11. Choose a laptop over a desktop. According to ENERGY STAR, a laptop can be up to 80% more energy-efficient than a desktop. Computer usage is the last thing on our minds when looking to reduce carbon footprint at home, but if you work on a laptop using only the battery and charging as needed, both the planet and your wallet will see a change!
  12. Reduce consumption of meat and/or dairy. No one is suggesting a vegan revolution here. Rather, there is some convincing data suggesting the average North American is consuming more than 1.5 times the average daily protein requirement, which means there is room for improvement. Industrial food animal production (IFAP) has implications for global climate change including toxicity from animal waste pollution and high rates of water consumption, in addition to an estimated15% of total carbon emissions resulting from the processing and distribution of animal products worldwide.
  13. (Un)cover extra heating opportunities with your windows. In the winter months, leaving curtains or blinds open allows solar and radiant heat into your home, which reduces furnace requirements. Alternatively, during the summer, it is a good idea to keep east- and west-facing windows shaded to reduce unwanted heating.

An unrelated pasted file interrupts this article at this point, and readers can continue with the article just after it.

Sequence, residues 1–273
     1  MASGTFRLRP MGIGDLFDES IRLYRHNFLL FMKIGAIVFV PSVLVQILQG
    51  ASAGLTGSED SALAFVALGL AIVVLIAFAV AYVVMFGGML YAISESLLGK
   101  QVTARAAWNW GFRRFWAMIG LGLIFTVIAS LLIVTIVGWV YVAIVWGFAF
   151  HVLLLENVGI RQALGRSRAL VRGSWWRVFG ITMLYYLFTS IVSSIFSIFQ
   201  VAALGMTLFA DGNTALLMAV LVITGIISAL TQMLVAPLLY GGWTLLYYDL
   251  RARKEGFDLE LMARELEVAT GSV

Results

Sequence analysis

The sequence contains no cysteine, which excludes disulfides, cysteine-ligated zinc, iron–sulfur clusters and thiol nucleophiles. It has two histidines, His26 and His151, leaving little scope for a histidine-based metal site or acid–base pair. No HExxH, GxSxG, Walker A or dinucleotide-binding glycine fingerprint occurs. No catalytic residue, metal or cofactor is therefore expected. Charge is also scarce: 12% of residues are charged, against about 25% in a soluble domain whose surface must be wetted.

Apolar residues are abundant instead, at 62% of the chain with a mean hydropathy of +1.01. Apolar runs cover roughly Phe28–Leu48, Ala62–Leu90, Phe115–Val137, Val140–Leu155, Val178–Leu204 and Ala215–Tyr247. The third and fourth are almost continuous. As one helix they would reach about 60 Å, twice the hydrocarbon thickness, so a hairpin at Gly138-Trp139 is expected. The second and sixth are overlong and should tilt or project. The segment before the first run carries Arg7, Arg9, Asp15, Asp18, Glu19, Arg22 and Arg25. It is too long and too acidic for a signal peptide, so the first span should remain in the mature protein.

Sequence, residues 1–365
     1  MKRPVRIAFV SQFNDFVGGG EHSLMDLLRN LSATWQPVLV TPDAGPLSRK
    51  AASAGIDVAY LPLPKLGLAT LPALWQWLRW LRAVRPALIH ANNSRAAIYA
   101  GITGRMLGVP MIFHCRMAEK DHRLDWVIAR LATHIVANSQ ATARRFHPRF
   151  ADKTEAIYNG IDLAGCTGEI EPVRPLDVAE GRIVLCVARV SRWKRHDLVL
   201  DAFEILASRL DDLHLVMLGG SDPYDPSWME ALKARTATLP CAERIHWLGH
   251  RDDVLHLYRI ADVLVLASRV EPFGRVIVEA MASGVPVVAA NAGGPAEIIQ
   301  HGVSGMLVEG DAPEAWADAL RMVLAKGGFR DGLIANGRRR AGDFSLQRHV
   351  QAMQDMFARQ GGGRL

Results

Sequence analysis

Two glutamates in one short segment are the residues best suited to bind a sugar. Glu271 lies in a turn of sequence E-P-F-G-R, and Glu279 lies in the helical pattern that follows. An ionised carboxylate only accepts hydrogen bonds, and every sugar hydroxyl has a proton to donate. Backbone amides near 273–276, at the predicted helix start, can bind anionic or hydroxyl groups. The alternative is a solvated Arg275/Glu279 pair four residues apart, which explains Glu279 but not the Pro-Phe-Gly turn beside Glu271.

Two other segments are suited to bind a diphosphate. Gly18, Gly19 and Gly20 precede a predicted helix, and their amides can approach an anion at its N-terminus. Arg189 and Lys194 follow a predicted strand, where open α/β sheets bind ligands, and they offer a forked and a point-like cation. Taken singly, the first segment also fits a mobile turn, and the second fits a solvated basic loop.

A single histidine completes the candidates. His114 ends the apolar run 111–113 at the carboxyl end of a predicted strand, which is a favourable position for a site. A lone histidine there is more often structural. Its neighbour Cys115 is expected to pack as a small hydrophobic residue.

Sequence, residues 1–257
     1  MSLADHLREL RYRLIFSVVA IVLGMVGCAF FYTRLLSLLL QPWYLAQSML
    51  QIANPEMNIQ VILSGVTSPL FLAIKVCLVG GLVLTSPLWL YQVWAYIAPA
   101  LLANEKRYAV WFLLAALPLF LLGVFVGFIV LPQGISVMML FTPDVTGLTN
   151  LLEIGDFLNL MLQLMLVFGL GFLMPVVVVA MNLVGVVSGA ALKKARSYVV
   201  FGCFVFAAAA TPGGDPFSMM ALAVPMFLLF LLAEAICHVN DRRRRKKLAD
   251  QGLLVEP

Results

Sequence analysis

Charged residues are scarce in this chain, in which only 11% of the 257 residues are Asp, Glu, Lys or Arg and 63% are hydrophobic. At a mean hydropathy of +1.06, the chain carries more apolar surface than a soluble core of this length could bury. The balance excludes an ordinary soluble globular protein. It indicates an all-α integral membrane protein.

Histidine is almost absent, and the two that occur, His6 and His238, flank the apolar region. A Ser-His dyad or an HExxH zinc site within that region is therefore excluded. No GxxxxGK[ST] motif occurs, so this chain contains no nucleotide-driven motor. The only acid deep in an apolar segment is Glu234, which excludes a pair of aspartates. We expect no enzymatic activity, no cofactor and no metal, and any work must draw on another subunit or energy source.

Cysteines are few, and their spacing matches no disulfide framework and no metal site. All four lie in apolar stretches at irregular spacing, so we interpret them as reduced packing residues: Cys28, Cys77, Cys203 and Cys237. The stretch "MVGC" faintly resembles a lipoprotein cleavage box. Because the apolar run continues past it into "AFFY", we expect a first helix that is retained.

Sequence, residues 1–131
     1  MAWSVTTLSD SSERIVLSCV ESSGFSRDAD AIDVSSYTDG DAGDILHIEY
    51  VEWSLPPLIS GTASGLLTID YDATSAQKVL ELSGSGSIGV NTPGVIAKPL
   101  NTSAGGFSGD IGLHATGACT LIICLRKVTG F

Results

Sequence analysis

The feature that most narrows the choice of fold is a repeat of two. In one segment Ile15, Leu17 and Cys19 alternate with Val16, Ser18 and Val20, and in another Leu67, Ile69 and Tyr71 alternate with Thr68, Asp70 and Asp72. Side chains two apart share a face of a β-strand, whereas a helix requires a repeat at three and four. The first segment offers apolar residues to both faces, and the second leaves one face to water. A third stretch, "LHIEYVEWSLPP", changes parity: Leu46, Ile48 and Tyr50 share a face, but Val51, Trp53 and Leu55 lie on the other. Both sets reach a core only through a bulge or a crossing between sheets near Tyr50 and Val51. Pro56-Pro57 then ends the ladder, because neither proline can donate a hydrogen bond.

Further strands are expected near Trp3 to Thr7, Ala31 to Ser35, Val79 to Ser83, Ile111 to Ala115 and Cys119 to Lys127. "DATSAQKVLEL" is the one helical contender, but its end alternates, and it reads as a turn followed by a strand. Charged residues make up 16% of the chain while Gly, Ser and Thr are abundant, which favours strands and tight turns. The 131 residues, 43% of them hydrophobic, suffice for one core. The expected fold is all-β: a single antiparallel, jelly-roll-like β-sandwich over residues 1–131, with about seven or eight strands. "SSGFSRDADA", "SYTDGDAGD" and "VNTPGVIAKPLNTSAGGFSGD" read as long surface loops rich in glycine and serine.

14. Wash clothes in cold water and hang to dry as much as possible.
  15. Drive responsibly. Carpool and use public transportation whenever possible. Also ensure your vehicle is running efficiently with regular maintenance. Something as simple as under-inflated tires can increase fuel consumption up to 3%.

At MissionLED, we believe everyone plays a role when it comes to what’s necessary to protect our planet for the future. How many of the above tips are you already doing? Which ones will you try next? Did we miss a simple way to reduce carbon footprint at home? Tell us and we’ll spread the word!

About The Author

John Keirstead
John Keirstead
Serial Entrepreneur, Technologist and Inventor my objective is to develop useful products that have a net positive effect in the lives of those that use them and the environment that we live in. CEO of Mission LED Lighting Company Ltd.